Limestone is a sedimentary rock type formed by the accretion of skeletal fragments of marine organisms such as coral and shell.

The UK has a wealth of limestone and is sourced mainly from the southern half of the British Isles, however, there are also quarries in Lincolnshire, North Yorkshire and Cumbria. To compliment the UK limestone portfolio, imported stone is commonly sourced from countries such as Portugal, Germany and France.

Limestone is very common in architecture. Cathedrals, churches and numerous public and private buildings provide excellent examples of the durability and beauty of limestone, which in turn forms part of our heritage. It has also been widely used as a landscape and building material since before Roman times. Limestone produces a variety of products such as paving, walling and masonry, also fine carved and moulded work.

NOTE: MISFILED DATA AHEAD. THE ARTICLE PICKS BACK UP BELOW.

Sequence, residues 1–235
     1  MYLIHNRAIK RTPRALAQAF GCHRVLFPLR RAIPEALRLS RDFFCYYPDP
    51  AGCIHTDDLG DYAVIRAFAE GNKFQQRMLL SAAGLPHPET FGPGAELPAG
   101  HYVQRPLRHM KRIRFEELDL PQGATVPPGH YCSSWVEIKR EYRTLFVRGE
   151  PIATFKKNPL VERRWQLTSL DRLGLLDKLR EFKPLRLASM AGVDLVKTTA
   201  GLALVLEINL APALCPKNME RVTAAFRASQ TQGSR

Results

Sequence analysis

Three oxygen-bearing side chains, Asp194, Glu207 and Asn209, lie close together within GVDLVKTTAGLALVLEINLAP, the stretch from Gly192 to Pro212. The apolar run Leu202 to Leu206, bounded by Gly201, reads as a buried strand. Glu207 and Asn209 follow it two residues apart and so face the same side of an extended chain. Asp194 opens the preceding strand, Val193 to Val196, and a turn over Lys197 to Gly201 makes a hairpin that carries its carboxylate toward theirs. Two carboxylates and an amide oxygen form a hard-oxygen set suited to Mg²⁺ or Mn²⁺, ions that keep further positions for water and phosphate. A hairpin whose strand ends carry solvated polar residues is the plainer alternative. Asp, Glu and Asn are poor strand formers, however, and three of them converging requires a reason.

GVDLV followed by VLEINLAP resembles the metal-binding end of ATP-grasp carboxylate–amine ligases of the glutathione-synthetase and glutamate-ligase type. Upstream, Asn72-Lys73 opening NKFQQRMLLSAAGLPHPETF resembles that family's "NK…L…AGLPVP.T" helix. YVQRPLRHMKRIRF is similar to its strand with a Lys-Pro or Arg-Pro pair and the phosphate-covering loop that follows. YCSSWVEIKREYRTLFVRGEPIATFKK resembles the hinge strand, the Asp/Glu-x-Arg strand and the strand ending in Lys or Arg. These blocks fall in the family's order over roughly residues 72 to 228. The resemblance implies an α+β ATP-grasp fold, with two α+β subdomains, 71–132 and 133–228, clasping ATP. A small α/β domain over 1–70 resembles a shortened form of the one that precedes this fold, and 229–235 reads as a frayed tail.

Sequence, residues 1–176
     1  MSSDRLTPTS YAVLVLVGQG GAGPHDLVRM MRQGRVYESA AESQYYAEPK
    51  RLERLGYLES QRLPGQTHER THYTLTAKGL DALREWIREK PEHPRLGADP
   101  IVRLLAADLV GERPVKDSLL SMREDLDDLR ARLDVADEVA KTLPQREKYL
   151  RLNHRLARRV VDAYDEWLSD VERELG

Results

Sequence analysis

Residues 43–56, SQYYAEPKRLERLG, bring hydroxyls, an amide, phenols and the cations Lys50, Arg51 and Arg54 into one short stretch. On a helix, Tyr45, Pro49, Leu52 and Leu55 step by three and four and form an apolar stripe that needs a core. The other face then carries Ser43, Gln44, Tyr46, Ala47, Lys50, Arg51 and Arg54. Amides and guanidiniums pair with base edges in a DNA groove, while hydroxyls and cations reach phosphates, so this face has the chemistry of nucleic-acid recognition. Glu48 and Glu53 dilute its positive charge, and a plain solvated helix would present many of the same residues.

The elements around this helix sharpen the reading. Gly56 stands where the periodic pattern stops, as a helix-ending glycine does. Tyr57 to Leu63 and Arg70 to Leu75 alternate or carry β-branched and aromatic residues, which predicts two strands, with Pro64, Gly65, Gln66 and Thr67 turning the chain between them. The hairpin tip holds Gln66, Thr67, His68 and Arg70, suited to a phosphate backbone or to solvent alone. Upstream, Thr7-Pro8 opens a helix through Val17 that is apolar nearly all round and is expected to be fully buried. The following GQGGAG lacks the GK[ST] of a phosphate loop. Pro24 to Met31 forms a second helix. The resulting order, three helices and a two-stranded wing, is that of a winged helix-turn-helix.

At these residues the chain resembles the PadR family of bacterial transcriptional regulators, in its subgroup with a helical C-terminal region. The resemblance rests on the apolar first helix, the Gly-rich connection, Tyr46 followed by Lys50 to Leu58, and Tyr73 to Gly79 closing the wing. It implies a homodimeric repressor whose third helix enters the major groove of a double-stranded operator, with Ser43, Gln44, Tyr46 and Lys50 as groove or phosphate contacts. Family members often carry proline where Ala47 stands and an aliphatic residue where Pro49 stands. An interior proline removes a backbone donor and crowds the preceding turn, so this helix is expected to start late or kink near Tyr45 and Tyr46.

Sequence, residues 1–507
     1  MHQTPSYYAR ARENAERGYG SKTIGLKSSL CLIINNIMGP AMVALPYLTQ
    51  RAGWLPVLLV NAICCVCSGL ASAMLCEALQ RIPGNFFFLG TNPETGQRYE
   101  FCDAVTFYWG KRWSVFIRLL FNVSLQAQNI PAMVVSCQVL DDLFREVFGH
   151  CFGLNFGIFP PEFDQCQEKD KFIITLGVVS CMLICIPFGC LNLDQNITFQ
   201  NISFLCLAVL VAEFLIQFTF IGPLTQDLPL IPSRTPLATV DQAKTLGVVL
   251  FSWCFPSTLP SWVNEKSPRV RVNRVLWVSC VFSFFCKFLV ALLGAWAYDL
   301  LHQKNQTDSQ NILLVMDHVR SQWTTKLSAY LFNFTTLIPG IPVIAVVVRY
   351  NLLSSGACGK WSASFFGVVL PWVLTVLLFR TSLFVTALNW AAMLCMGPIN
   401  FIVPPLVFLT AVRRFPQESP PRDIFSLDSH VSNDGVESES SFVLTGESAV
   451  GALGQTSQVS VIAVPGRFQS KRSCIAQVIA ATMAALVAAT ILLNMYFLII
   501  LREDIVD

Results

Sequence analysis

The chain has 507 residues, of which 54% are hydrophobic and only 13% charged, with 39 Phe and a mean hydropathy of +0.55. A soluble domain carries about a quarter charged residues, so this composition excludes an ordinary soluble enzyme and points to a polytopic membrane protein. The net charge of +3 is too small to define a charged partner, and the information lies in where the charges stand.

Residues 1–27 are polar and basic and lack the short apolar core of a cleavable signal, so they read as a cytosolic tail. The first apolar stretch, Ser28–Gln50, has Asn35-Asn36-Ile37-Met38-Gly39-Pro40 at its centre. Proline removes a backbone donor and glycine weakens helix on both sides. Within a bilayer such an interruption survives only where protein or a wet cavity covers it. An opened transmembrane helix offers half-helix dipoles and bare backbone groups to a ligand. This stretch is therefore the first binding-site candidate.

The colours of limestones range from white and honey tones to much darker tones such as grey/blue and darker browns. There are a variety of textures from fine even grained stones to extreme coarse open textured such as Portland roach bed.